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NO, Justice Kavanaugh did NOT ‘sell out conservatives’ over Planned Parenthood case

(National SentinelFact Check: On Monday, conservative media excoriated Justice Brett Kavanaugh for allegedly refusing to join three other Supreme Court constitutionalists in agreeing to hear a case involving Medicaid funding for Planned Parenthood.

As the Washington Examiner noted, “the basic gist” behind the story “is that lower court rulings prevented Louisiana and Kansas from blocking abortion provider Planned Parenthood from participating in Medicaid.”

The Daily Caller, one of the critical conservative outlets, noted further:

Monday’s cases arose when Republican state leaders in Louisiana and Kansas stripped Planned Parenthood of state Medicaid funds after a pro-life advocacy group presented evidence that the abortion-provider was harvesting and selling fetal materials. Planned Parenthood contests the accuracy of these claims.

Planned Parenthood and several unnamed female patients challenged the states’ move in federal court. The legal question in Monday’s cases was whether Medicaid recipients can challenge the disqualification of a provider under the Medicaid law. As such, it did not touch on abortion directly.

Only three justices — Samuel Alito, Clarence Thomas, and Neil Gorsuch — opted to hear the case. It takes four justices to accept cases before the entire SCOTUS hears them.




For his part, Thomas excoriated colleagues who did not want to hear the case, which he suspected had more to do with the fact that Planned Parenthood, the nation’s largest abortion provider, was involved and the high court doesn’t want to be seen as weighing in on that issue.

“So what explains the Court’s refusal to do its job here?” Thomas wrote. “I suspect it has something to do with the fact that some respondents in these cases are named ‘Planned Parenthood.’ That makes the Court’s decision particularly troubling, as the question presented has nothing to do with abortion.

“It is true that these particular cases arose after several States alleged that Planned Parenthood affiliates had, among other things, engaged in ‘the illegal sale of fetal organs’ and ‘fraudulent billing practices,’ and thus removed Planned Parenthood as a state Medicaid provider,” he continued.

“But these cases are not about abortion rights. They are about private rights of action under the Medicaid Act. Resolving the question presented here would not even affect Planned Parenthood’s ability to challenge the States’ decisions; it concerns only the rights of individual Medicaid patients to bring their own suits.”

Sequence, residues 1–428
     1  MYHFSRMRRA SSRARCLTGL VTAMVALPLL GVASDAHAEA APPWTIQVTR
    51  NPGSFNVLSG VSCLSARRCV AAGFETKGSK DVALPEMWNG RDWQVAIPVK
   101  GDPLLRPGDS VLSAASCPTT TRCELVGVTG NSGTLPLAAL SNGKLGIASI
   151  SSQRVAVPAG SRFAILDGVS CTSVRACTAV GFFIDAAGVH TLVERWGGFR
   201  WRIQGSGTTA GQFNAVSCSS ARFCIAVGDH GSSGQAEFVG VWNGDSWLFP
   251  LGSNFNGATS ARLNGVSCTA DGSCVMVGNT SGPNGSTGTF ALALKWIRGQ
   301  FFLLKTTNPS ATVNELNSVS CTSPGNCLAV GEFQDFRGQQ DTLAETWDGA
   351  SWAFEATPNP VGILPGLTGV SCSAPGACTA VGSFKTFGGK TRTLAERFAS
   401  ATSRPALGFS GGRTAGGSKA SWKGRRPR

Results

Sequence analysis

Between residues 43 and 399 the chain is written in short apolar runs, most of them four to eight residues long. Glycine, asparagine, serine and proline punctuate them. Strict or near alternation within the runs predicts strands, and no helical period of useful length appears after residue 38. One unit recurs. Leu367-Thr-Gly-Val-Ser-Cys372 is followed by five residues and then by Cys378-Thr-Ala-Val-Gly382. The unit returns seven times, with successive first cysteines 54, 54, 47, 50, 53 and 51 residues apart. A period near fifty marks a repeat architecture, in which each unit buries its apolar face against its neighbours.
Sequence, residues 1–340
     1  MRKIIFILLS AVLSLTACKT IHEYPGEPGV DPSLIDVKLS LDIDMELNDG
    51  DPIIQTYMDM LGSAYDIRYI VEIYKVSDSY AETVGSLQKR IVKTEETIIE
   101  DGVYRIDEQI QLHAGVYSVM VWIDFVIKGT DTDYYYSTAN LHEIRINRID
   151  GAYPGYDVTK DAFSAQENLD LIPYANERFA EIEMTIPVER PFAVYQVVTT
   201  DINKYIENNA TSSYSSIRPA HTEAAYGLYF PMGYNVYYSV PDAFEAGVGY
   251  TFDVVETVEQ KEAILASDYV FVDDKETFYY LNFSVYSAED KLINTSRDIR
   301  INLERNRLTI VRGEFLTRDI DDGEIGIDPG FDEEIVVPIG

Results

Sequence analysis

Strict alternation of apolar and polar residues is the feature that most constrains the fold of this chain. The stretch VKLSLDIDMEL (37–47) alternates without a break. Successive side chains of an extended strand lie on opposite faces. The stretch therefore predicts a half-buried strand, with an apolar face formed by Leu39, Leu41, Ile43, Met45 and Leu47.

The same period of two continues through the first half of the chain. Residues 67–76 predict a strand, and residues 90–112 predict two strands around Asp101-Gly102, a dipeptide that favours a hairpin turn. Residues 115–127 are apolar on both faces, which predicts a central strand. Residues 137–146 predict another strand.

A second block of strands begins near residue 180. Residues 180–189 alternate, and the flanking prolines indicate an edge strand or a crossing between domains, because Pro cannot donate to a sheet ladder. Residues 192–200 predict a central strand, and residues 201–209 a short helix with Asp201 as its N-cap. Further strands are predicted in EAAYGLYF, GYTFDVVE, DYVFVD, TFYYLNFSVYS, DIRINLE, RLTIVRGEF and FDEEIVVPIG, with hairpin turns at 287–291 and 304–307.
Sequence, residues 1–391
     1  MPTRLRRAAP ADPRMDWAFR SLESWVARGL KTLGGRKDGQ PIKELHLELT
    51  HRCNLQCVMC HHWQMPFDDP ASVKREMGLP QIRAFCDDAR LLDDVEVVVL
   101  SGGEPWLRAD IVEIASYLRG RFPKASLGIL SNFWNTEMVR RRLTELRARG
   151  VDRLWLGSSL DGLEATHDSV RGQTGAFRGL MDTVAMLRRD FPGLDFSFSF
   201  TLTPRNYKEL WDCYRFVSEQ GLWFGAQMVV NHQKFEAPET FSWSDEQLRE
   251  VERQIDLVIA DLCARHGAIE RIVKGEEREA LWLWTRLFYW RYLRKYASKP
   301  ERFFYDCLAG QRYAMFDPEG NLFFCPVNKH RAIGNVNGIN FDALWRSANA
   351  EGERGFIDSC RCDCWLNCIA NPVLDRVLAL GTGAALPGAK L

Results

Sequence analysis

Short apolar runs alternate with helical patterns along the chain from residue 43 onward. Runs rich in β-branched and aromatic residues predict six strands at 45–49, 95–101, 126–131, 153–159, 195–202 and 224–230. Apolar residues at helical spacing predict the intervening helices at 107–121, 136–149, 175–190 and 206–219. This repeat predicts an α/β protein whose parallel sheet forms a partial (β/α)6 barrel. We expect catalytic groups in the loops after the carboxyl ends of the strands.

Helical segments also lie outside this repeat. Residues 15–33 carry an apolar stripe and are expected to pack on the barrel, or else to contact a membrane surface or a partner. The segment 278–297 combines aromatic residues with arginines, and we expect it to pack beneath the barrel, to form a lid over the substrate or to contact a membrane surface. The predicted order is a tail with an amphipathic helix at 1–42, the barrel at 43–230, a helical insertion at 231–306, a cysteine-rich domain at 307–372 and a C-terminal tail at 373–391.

Thomas’ understandable frustrations aside, is Kavanaugh guilty of abandoning conservative constitutionalists over the issue of abortion?

Hardly.

Shortly after the Washington Examiner published its own critical story, editors added this update:

One Supreme Court watcher writes: “As I recall the history of this case, the first vote for cert [i.e. certiorari — granting a hearing] would have taken place before Kavanaugh’s appointment — and Roberts would have had to refuse to vote for cert then as it only takes four votes to accept the case. I assume Kavanaugh did not want to be the late-arriving fourth vote for cert, and that’s a reasonable call for a brand-new justice to make. Less defensible is Roberts apparent concern about the atmospherics of taking a case with ‘Planned Parenthood’ in the title.”

Yes, less defensible is Roberts’ behavior, Justice “Obamacare is a tax” Roberts, by the way.

At some point Kavanaugh may issue a ruling or take a side that conservative constitutionalists will dislike — it’s bound to happen.

But this case isn’t one of those occasions.

After the man’s bitter confirmation hearings which involved heaps of Democrat chicanery and death threats to his family, we’re fully prepared to cut the man some slack. He’s not yet been a justice for three months.

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Parler

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Marco

Not convinced. As far as I’m converned, he DID betray Conservatives here. It doesn’t matter to me whether he’s been a Justice for 50 seconds or 50 years ( can you say, “Ruth Bader Ginsburg,” btw ? ): THAT time-distinction is irrelevant to the correct course of action. The “right thing to do” will be just as correct @ 50 seconds, as it will be @ 50 years. And he took the INCORRECT course of action.

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